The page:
Language Assessment in African American English-Speaking Children: A Review of the Literature Since 1983 and Grammaticality Judgments of Low-Income, African American English-Speaking Children: The Role of Language Ability and Dialect Density
Date of Award
Doctor of Philosophy (PhD)
Educational Psychology and Special Education
Dr. Julie Washington
Dr. Debra Mckeown
Dr. Cynthia Puranik
Dr. Robert Hendrick
Dr. Judith Emerson
The overarching purpose of both dissertation studies is to contribute to the extant literature base on language assessment in the context of poverty and African American English (AAE) dialect. Language assessment with culturally and linguistically diverse populations, in particular children who speak AAE, has been a longstanding challenge for professionals in the field of speech-language pathology despite the preponderance of scholarly attention this topic has received. The purpose of the first study is to conduct a systematic review of the literature to synthesize the existing literature on AAE from the past approximately three and a half decades, to identify aspects of language and assessment approaches that have been most informative for identifying language impairment in this population. The purpose of the second study is to examine the grammaticality judgments of school-age, AAE-speaking children as a function of their nonmainstream dialect density and language ability. Data for this study came from 273 African American children from low-income backgrounds who were participants in a larger project focused on language and literacy outcomes for children reared in urban areas. the relationship between language ability and dialect density was explored using correlational analysis and the contribution of language ability and dialect density on grammaticality judgments was analyzed using multiple regression. Finally, a multivariate analysis of variance was conducted to investigate the impact of dialect density and language ability on various items that differed in grammatical constructions. Results from both studies are discussed relative to the existing oral language profiles of AAE speakers and the impact of linguistic variation on assessment. Together, these papers contribute to the extant literature by supporting the development of a more comprehensive profile of AAE and increasing the field's understanding of language assessment and language impairment in child AAE speakers.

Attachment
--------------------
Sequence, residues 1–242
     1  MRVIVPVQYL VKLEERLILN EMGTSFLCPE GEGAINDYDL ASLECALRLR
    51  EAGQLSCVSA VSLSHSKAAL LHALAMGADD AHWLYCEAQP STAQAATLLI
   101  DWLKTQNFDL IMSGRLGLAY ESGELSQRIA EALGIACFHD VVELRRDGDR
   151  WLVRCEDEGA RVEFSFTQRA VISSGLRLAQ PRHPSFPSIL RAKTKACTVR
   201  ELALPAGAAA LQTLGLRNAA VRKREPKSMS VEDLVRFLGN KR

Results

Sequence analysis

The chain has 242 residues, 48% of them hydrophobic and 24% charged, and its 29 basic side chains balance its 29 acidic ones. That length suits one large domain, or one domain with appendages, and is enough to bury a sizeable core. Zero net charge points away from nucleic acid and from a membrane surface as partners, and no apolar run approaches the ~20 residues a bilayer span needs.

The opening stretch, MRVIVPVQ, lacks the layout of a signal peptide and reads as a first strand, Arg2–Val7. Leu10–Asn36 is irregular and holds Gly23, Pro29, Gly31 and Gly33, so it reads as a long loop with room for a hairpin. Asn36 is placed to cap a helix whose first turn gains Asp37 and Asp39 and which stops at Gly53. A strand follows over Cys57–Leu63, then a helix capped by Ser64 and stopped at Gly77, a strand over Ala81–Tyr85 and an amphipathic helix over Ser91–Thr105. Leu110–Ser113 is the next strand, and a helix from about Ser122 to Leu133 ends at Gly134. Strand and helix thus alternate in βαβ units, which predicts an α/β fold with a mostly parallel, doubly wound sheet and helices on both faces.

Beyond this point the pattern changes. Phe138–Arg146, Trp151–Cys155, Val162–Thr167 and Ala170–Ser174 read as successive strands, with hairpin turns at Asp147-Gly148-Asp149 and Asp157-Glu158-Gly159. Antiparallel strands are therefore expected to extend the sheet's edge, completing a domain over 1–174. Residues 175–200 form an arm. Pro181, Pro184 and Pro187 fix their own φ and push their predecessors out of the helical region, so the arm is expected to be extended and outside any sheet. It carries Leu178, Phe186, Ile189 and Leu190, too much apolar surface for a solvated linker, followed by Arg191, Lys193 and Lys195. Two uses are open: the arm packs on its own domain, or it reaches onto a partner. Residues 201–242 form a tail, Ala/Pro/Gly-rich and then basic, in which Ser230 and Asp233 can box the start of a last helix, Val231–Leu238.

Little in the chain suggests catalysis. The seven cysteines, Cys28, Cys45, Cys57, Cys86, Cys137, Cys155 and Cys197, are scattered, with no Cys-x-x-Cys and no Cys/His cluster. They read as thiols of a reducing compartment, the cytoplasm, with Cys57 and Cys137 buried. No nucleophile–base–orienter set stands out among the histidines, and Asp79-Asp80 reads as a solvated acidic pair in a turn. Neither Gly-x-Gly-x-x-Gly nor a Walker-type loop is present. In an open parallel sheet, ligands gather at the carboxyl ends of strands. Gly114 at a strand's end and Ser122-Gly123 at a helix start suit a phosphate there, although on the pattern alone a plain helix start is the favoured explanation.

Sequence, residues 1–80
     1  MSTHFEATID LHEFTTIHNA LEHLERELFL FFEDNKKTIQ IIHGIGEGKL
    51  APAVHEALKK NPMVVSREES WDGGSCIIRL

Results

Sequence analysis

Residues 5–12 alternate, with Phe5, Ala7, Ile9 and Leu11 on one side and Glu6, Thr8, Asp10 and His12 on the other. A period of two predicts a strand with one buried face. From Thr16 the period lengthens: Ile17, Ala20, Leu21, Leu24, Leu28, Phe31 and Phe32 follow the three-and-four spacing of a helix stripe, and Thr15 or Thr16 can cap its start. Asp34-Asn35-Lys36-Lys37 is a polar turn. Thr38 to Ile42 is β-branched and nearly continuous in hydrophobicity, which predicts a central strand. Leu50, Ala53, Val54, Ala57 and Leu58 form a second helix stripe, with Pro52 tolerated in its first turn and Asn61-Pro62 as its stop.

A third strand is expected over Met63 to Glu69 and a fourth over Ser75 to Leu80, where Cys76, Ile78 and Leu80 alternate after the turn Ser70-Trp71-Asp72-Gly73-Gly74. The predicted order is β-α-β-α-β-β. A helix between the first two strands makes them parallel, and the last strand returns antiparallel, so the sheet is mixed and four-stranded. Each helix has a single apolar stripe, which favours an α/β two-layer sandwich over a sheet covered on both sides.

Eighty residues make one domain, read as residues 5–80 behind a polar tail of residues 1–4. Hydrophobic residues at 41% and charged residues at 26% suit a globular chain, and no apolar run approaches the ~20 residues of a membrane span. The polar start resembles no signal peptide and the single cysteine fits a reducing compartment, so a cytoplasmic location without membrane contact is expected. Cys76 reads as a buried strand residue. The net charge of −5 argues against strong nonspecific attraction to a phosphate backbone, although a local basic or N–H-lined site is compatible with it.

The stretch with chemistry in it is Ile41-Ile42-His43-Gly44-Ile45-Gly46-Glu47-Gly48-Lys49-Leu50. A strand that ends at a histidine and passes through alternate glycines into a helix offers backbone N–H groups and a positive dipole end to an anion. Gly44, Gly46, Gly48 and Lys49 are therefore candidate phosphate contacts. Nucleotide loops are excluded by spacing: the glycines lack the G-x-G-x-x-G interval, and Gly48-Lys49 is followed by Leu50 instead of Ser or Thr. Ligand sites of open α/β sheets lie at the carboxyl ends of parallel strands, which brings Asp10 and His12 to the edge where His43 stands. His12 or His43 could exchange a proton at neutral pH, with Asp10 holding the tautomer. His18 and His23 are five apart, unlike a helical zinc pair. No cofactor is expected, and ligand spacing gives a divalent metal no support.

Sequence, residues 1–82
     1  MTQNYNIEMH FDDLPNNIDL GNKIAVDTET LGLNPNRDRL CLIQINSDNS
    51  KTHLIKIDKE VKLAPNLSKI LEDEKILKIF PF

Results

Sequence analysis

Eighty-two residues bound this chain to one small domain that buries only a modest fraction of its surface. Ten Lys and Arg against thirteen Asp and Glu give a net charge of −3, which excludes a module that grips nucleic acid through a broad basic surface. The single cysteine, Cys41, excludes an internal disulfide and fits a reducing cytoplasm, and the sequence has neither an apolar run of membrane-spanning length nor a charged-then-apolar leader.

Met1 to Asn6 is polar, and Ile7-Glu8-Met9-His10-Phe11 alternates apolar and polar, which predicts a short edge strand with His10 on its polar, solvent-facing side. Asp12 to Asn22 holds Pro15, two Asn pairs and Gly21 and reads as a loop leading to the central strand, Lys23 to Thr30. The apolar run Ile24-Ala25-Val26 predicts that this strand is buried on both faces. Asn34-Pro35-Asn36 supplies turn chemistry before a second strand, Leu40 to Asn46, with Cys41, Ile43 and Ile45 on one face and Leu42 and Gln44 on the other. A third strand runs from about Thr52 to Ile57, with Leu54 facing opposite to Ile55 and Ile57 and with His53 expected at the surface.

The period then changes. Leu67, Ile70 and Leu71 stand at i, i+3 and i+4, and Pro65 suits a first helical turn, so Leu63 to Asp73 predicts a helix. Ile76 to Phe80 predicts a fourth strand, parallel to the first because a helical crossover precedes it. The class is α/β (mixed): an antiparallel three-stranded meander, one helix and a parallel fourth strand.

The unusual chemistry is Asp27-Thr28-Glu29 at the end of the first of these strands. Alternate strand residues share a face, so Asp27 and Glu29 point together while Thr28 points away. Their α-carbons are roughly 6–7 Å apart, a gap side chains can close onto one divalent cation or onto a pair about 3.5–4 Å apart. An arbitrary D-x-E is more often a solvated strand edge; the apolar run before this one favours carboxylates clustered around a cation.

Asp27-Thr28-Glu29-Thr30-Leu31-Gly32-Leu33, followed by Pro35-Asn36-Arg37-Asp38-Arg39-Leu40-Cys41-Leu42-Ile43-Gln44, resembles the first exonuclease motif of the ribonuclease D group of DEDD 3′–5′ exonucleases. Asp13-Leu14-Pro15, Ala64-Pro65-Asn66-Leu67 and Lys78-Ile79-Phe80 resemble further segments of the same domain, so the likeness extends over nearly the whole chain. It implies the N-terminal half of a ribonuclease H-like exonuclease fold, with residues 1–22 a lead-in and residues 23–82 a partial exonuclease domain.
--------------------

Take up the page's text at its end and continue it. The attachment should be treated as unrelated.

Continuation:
Lee, Ryan, "Language Assessment in African American English-Speaking Children: A Review of the Literature Since 1983 and Grammaticality Judgments of Low-Income, African American English-Speaking Children: The Role of Language Ability and Dialect Density." Dissertation, Georgia State University, 2017.